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Democrats in Maine House Prevail on Tax Bills
04/02/2013   Reported By: A.J. Higgins

Republicans in the Democratically-controlled Maine House today failed to get their way on two tax bills: One would have cut capital gains taxes for many wealthier Mainers. The other would provide a tax credit for lower- and middle-income residents. Democratic leaders described today's outcome as a big win for Maine's working families. But as A.J. Higgins reports, they could have trouble finding enough money in the budget to fund their tax credit proposal.

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The capital gains tax cut would cost the state $46 million, and the Democrats' tax credit proposal $35 million - a tough sell in tight budget times.

Neither bill has much chance of being funded with whatever money remains after the Appropriations Committee approves the state budget later this spring. But that's not likely to stop Republicans and Democrats from using aspects of today's House debate on the two measures for their 2014 campaigns.

Besides, as Republican Rep. Richard Malaby of Hancock pointed out, there's never been a better opportunity to consider lowering the rate on capital gains. "Right now is kind of the perfect time to decrease rates," Malaby said.

Republicans like Malaby argued that cutting taxes on capital gains would actually bring more revenue into state coffers because reducing the rate would cause many investors to sell.

Malaby told House members that Maine has the eighth highest capital gains tax rates in the country. His bill would reduce taxes on capital gains held for more than a year to 3 percent. Current tax policy allows those assets to be taxed as high as 8.5 percent. Malaby says he timed the proposal to coincide with federal tax changes.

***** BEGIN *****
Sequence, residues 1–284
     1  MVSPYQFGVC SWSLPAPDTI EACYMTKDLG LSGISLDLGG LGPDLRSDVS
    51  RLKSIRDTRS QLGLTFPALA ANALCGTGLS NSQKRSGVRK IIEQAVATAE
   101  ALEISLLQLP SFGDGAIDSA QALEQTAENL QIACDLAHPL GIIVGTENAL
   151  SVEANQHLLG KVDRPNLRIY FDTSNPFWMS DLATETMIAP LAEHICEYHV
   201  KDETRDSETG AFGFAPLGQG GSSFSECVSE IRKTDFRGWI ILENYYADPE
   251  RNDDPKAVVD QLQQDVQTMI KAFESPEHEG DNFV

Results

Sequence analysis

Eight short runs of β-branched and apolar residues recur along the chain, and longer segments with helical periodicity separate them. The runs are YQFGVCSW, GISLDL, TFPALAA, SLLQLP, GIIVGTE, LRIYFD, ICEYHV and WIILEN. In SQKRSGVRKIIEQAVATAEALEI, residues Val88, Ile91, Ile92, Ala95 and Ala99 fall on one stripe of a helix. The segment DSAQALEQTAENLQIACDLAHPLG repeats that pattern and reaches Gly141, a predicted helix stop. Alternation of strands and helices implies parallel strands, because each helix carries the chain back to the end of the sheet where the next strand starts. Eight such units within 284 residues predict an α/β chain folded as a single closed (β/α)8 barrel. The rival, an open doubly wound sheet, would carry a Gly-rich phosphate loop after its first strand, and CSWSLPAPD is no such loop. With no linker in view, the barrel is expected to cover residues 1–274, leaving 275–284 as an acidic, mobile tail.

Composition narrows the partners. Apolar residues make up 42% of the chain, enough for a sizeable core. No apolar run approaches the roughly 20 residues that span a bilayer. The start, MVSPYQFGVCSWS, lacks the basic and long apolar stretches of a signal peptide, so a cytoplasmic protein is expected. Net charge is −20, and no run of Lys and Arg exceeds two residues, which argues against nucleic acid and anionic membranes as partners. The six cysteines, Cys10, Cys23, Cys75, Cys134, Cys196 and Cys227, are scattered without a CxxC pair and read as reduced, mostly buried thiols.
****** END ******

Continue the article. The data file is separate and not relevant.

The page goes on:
"The rate reduction proposed in this minority report is meant to offset the 8.8 percent increase recently enacted at the federal level, a five percent increase in the capital gains rate from 15 to 20 percent, and a 3.8 percent Medicare tax increase - part of the Affordable Care Act," Malaby said.

Malaby was supported by Rep. Larry Lockman, an Amherst Republican, who said it made more sense to redirect those tax collections on capital gains to the person who made the investment in the first place.

"If you reduce the capital gains tax rate and you allow people to keep more of their investment income, static scoring assumes that they're going to stuff that money in a mattress -- that's not going to happen," he said. "They're going to spend that money or invest that money. So if they build a new deck on the house, they're going to be buying stuff at the hardware store, paying sales tax."

Democrats, such as Rep. Nate Libby of Lewiston, said the bill simply wasn't fair. He said that a single worker earning about $35,000 a year is taxed at a rate of 7.95 pecent.

"Take another individual who earns the same amount of money in a year realizing capital gains who's not getting up and going to work every day, we would be taxing them at a rate of three percent - less than half," Libby said. "So I ask men and women of the House: Is that fair tax policy?"

After defeating the Republican bill in an initial 91-55 vote Democrats went on to take up their bill that would increase the current state earned income tax credit for low-income individuals and middle-income families to 10 percent of the federal earned income tax credit. The money would be refunded to those taxpayers by the state.

Rep. Adam Goode, a Bangor Democrat, said the tax credit plan would bring Maine more into line with the rest if the country.

"Twenty-four states have their own earned income tax credit to compliment the federal policy. Maine is one of just three states that does not allow their credit to be refundable," Goode said. "A wide majority of states with their own credit refund at 10 percent to 40 percent of the federal level. When you look at states using an earned income tax credit to lift workers out of poverty, Maine is an outlier."

Republicans opposed the bill, claiming that while they liked the idea of tax credits, Maine could not afford the price tag of $35 million. The bill received initial approval in the House in a 91-52 vote.



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